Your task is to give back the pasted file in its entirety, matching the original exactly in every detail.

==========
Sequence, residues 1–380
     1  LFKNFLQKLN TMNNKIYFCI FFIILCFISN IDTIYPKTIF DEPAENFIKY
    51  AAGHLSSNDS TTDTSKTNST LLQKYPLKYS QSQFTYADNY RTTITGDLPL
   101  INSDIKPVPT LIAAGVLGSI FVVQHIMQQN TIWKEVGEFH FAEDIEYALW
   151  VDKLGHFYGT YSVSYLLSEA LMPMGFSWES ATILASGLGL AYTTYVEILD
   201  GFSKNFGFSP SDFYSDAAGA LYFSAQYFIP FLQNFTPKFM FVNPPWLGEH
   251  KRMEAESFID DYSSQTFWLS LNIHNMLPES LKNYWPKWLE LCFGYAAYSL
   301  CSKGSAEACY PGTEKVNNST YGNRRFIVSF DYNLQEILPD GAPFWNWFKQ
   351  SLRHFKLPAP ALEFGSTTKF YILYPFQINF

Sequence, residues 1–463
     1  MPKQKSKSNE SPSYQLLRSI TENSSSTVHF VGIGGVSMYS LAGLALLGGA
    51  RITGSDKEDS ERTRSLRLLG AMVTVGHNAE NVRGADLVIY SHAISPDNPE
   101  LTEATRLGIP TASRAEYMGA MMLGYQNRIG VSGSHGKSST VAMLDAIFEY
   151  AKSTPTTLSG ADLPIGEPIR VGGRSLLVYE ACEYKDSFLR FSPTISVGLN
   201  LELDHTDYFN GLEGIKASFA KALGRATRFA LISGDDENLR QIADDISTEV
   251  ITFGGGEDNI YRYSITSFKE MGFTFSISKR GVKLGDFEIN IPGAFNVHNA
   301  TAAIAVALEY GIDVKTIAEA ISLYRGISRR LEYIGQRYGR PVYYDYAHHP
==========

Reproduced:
Sequence, residues 1–380
     1  LFKNFLQKLN TMNNKIYFCI FFIILCFISN IDTIYPKTIF DEPAENFIKY
    51  AAGHLSSNDS TTDTSKTNST LLQKYPLKYS QSQFTYADNY RTTITGDLPL
   101  INSDIKPVPT LIAAGVLGSI FVVQHIMQQN TIWKEVGEFH FAEDIEYALW
   151  VDKLGHFYGT YSVSYLLSEA LMPMGFSWES ATILASGLGL AYTTYVEILD
   201  GFSKNFGFSP SDFYSDAAGA LYFSAQYFIP FLQNFTPKFM FVNPPWLGEH
   251  KRMEAESFID DYSSQTFWLS LNIHNMLPES LKNYWPKWLE LCFGYAAYSL
   301  CSKGSAEACY PGTEKVNNST YGNRRFIVSF DYNLQEILPD GAPFWNWFKQ
   351  SLRHFKLPAP ALEFGSTTKF YILYPFQINF

Sequence, residues 1–463
     1  MPKQKSKSNE SPSYQLLRSI TENSSSTVHF VGIGGVSMYS LAGLALLGGA
    51  RITGSDKEDS ERTRSLRLLG AMVTVGHNAE NVRGADLVIY SHAISPDNPE
   101  LTEATRLGIP TASRAEYMGA MMLGYQNRIG VSGSHGKSST VAMLDAIFEY
   151  AKSTPTTLSG ADLPIGEPIR VGGRSLLVYE ACEYKDSFLR FSPTISVGLN
   201  LELDHTDYFN GLEGIKASFA KALGRATRFA LISGDDENLR QIADDISTEV
   251  ITFGGGEDNI YRYSITSFKE MGFTFSISKR GVKLGDFEIN IPGAFNVHNA
   301  TAAIAVALEY GIDVKTIAEA ISLYRGISRR LEYIGQRYGR PVYYDYAHHP